Revising for the ACCA can seem overwhelming, especially if you’re juggling work too. It can seem like you’ve got a mountain to climb, and it’s easy to think you’re never going to reach the summit.
Your revision needn’t feel like such a mission, though. By creating an ACCA revision timetable, you can break your trek down into manageable, achievable targets to reach your goals.
Think of the ACCA qualification as baking a cake. Your initial studies are the ingredients and the exam the cake – your revision is what helps you transform one into the other.
Don’t let all your hard work go to waste by neglecting to write a solid ACCA revision timetable.
1. Start Early
As we’ve written before, the majority of ACCA exam marks are for applying the concepts you’ve learnt, so regurgitating knowledge isn’t effective. Leave yourself plenty of time to revise because this will give you time to process and truly understand the information you’ve learned.
The exact amount of time you’ll need will vary depending on how quickly you absorb information, how much relevant practical experience you have on the course topic and how much knowledge you already have. Saying that 6 weeks is a good guideline, we’d recommend allowing at least that long for each paper you’re sitting.
2. Be Strict But Flexible
Another benefit of allowing yourself plenty of time to revise is that your revision time can be less ‘dense’.
Instead of revising flat-out for three weeks, you should aim to schedule time on evenings and weekends while still allowing yourself time off for social activities or anything else you want to do.
You’ll be less likely to burn out and feel much less stressed if you allow yourself a work/revision/life balance. It’s not easy, admittedly, but it can be done – there’s no need to put your life entirely on hold when it comes to ACCA revision.
3. Schedule Breaks
When you get into ACCA revision mode, it’s tempting to try and cram as many hours in as possible. This seems logical – the more time you spend revising, the more you’ll know – but it isn’t.
Your brain needs time to process information to retain it effectively. That’s the reason all of our ACCA revision videos are broken into small, bite-sized chunks – because it’s been proven, time and again, that it’s easier to retain information in digestible amounts.
However you’re planning to revise, you should take a lesson from us and break your learning up when writing your ACCA revision timetable. Instead of scheduling hours and hours of revision time, make sure you take a break every 20 minutes or so. This might seem counterintuitive if you’re feeling pushed for time, but you’ll absorb information more easily, so it will serve you well in the long run.
4. Set Clear Objectives
It’s easily done when faced with the bulk of information you need to learn for the ACCA exams. You sit down to start revising, and the only thing running through your mind is ‘Learn the ACCA. Must. Pass. The. ACCA’. This is a mistake because it means your revision will be unstructured, and you’ll be inefficiently using your time.
When writing your ACCA revision timetable, set clear objectives for each revision ‘chunk’ rather than concentrating on how long you plan to revise.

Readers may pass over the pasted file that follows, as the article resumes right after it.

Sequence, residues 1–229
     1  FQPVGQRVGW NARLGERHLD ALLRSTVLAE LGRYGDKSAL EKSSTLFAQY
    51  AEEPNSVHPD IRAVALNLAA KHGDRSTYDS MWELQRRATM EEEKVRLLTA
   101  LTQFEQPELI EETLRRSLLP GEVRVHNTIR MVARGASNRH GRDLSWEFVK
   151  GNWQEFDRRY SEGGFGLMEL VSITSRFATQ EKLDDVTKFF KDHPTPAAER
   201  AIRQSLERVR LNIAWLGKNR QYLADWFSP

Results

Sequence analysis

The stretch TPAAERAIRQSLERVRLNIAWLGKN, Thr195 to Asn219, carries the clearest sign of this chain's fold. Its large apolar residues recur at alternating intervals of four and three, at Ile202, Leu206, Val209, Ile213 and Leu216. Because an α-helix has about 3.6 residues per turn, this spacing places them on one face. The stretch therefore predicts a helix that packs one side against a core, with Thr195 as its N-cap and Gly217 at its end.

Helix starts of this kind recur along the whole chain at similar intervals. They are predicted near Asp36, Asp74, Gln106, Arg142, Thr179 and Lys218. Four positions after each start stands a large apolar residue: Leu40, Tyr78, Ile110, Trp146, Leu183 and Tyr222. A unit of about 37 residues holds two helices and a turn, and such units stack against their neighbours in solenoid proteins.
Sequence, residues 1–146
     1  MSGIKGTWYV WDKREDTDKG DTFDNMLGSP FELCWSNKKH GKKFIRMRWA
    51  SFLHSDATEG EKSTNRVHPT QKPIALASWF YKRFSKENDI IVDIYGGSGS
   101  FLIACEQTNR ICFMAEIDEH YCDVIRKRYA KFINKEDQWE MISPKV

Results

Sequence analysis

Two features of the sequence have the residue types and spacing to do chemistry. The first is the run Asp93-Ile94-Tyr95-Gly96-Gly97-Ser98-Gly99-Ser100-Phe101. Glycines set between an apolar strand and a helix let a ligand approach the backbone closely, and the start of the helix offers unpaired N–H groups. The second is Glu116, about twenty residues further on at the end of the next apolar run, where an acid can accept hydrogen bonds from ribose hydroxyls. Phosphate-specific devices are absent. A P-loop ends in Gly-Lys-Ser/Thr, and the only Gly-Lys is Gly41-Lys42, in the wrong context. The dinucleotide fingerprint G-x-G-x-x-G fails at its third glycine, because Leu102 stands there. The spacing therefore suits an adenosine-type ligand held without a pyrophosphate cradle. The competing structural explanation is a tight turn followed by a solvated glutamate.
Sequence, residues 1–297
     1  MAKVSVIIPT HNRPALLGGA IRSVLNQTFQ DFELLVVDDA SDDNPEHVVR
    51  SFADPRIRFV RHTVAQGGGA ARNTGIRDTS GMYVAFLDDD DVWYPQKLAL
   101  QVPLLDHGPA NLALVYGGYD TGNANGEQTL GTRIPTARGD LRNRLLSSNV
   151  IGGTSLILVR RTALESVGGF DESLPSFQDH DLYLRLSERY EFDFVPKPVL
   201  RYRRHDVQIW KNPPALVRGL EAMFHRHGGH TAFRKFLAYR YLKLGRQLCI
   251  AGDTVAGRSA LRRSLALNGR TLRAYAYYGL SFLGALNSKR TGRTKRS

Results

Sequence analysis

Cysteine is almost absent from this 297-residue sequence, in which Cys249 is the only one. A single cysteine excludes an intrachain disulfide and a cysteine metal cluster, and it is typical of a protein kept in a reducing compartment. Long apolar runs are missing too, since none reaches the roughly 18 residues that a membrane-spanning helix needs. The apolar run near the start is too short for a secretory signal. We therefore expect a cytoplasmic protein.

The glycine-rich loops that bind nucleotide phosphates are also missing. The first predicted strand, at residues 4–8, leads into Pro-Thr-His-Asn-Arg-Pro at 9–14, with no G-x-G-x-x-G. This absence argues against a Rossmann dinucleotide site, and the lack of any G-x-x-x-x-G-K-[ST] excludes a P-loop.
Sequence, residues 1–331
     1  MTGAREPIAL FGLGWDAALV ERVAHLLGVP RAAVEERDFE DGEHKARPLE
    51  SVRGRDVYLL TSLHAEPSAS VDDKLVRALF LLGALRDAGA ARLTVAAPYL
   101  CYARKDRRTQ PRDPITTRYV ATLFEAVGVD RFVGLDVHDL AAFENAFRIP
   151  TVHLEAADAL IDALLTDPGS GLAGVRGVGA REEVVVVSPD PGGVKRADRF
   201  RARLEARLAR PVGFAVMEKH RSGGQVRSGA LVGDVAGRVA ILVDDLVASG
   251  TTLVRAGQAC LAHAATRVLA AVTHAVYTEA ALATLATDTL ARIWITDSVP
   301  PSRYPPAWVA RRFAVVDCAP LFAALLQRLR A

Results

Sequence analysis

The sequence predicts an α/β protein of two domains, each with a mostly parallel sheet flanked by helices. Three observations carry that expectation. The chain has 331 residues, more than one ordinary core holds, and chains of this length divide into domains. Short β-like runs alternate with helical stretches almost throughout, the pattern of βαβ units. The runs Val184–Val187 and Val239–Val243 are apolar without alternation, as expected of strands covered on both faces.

This will ensure your revision is focused, and you’re maximising the time you do spend revising to ensure you’re more likely to remember the crucial information on exam day.
5. Make Time For ACCA Practice Papers
Retrieval practice, first discovered by memory researcher Endel Tulving, is the principle that repeated testing of the same information can enhance your memory retention considerably.
Interestingly, this is also an area many students neglect, but it’s essential to make time for self-testing. You can find practice papers on the ACCA website, and it’s important to schedule plenty of time to take these so you can actively test what you’re learning.
6. Prioritise The Most Difficult Areas
Maybe the thought of Governance and Ethics has you waking in a cold sweat, or you just can’t seem to get your head around Controlling Risk. Naturally, you’ll find certain papers or elements within each paper more difficult than others.
However, you mustn’t put them off until last. This is a theory explored in depth by Brian Tracy in his legendary book Eat That Frog!, based on the well-known Mark Twain quote: “If you eat a frog first thing in the morning, that will probably be the worst thing you do all day”.
As Tracy notes, whatever you’re putting off will loom over you until you face it, so you won’t be in the best frame of mind to learn whatever you’re focussing on. It also means you have less time to absorb concepts you naturally find more challenging, undoubtedly impacting your ACCA exam.
So, first, assess your strengths and weaknesses before writing your ACCA revision timetable and schedule in the thing you struggle with most.
7. Schedule An ACCA Mock Exam
In other words, make time to take at least one practice paper under strict exam conditions. Don’t review the paper first, don’t allow yourself any longer than the time allocated, and definitely, don’t allow yourself reference materials.
Schedule time afterwards to review your answer against the published answer in the Examiner’s Report and any applicable marking schemes so you can learn from any mistakes you made. Schedule in time afterwards to re-review any areas you need to.
How’s your revision going? Anything you’d like to add that could help our community out? Let us know in the comments.
Writing an ACCA revision timetable is a critical step if you want to perform to your best in the exams: the recipe for your success on the day.